Such economic terms: 6.5% Inflation, 0.6% growth, 8% Interest rates, lower foreign investments and higher public debts, give an idea of what is going on with the largest economy in Latin America and 7th globally.
Let’s start revealing the node.
FT reported Brazilian economy strategies, even on small scale as our friend Robert Lima da Silva when his existing debts account for about 2/3 of his monthly income hold him from buying a new motorbike.
When millions of new lower-income consumers took advantage of easy access to loans to buy a new Honda or Yamaha. 2012, however, that changed as consumer credit became harder to secure, causing production to plunge by more than a fifth. It is a trend that has continued into this year.
The same story can be concluded on cars credits, home applicants and even government attempts to cut industrial and residential electricity bills to reduce so-called “Brazilian life cost”. So what’s Brazilian Government alternative strategies.
Mr. Mantega blamed the economic terms and conditions that Brazil had overcome. From global crises, currency wars, to foreign fund tsunami in 2012 to excuse his 2,7% in 2011 and 0.9% 2012 weak GDP growth, while forgetten Brazil Inflation which Runs Strong, and Interest Rates May Rise in 2013.
What Brazil really needs to fuel its internal engines of growth?
“For Brazil, the issue is that consumer spending, which for years was the driver of growth, can no longer continue to increase at rapid rates,” said Capital Economics, a London-based research house.
But the people are enough with high prices and even worse. what about the 6.5% inflation rate! who fueled the inflation?
Petrobras, with government blessing, raised the fuel prices and led the inflation in Brazil to more than 6.5%. Brazil’s central bank chief Alexandre Tombini said:
Fighting inflation is key to bolstering confidence in the Brazilian economy, which is showing signs of picking up pace with stronger investment this year.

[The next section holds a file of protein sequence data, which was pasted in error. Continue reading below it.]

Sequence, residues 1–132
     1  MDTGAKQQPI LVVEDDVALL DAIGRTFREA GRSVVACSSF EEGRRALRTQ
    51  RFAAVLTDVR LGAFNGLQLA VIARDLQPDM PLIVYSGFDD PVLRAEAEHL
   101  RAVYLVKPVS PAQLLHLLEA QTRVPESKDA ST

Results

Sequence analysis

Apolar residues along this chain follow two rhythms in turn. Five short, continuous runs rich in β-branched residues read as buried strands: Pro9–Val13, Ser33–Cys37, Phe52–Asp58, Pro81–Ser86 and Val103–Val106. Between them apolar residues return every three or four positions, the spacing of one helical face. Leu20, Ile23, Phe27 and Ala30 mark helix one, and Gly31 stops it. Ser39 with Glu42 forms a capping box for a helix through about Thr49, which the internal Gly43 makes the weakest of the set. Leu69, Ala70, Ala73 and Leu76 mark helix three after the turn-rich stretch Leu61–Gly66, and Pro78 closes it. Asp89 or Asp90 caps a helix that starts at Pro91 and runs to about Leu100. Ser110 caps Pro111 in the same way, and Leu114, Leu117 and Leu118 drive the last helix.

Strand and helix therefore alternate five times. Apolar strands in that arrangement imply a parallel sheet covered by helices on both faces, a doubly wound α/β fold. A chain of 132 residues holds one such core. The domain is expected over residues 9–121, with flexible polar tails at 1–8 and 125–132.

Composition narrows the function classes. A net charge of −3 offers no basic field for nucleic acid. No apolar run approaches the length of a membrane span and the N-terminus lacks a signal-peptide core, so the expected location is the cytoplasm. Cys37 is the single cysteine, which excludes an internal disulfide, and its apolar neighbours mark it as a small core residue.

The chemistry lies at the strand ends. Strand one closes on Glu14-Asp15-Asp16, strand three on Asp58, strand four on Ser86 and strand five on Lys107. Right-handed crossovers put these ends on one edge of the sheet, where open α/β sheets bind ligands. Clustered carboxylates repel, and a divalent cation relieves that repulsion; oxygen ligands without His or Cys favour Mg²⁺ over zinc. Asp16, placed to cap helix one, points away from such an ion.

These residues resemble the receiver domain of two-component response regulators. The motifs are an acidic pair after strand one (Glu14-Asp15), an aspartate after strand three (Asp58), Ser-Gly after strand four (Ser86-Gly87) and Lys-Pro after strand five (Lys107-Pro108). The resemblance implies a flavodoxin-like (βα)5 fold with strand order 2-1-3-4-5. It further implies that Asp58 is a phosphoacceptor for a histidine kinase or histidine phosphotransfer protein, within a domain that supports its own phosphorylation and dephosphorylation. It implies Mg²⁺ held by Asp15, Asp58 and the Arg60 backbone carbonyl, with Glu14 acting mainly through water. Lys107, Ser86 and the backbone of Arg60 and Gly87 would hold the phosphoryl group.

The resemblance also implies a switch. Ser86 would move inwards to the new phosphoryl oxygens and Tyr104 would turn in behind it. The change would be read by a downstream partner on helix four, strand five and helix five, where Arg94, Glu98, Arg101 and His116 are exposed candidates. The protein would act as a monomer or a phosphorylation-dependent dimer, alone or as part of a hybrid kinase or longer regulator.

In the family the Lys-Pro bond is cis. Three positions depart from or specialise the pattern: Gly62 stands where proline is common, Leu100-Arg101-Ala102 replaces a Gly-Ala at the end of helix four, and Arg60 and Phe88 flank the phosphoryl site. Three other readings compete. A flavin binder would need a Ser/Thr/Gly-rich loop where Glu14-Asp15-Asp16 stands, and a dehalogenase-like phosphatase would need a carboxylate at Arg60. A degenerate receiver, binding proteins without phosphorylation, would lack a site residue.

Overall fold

So the answer is more investment! but where?
particularly the investment in 2 main sections: Education to sustain the future, and Infrastructure to feed the present uprising giant mid-class, 35 millions beyond the 2014 & 2016 sport events.
Open equal free reported a gap in Brazil Education system where only 17% of Brazilians aged 18-24 enrolled in a university degree program or having obtained a diploma.
Brazilians, on average, receive only 7.3 years of schooling, according to government statistics, and less than half of workers have finished high school. In 2009 the OECD ranked Brazil 53rd out of 65 countries in math and literacy skills.
The lack of skilled and qualified workers keep “Brazil running a great risk of losing its new position” in the global economy.
Brazil ranks 130th out of 185 countries on the World Bank’s Doing Business survey – below Bangladesh and Russia but above India. To avoid another year of slow growth (when Brazilian government invested 18% of GDP below than Mexico 21.5% and Chile nearly 24%) and to boost Brazil’s low investment ratio, the government launched a U$ 27 billion program to developed its ports infrastructure in 2013 ahead of 2014 World Cup and presidential election.
However, it’s not that easy says Reuters:
If you think you’re seeing light at the end of the tunnel for Brazil’s economy, look again: it’s just brake lights from a growing line of 18-wheelers.
It’s hard to believe a slowdown in Brazilian economy while Brazilians are reported as the second big-spending tourists in New York! In 2012, Brazilians became the second most important overseas market for the city after the UK: 826,000 Brazilians came to visit, compared with 112,000 in 2006.
The question remains unsolved: Brazil economic node, Where to start!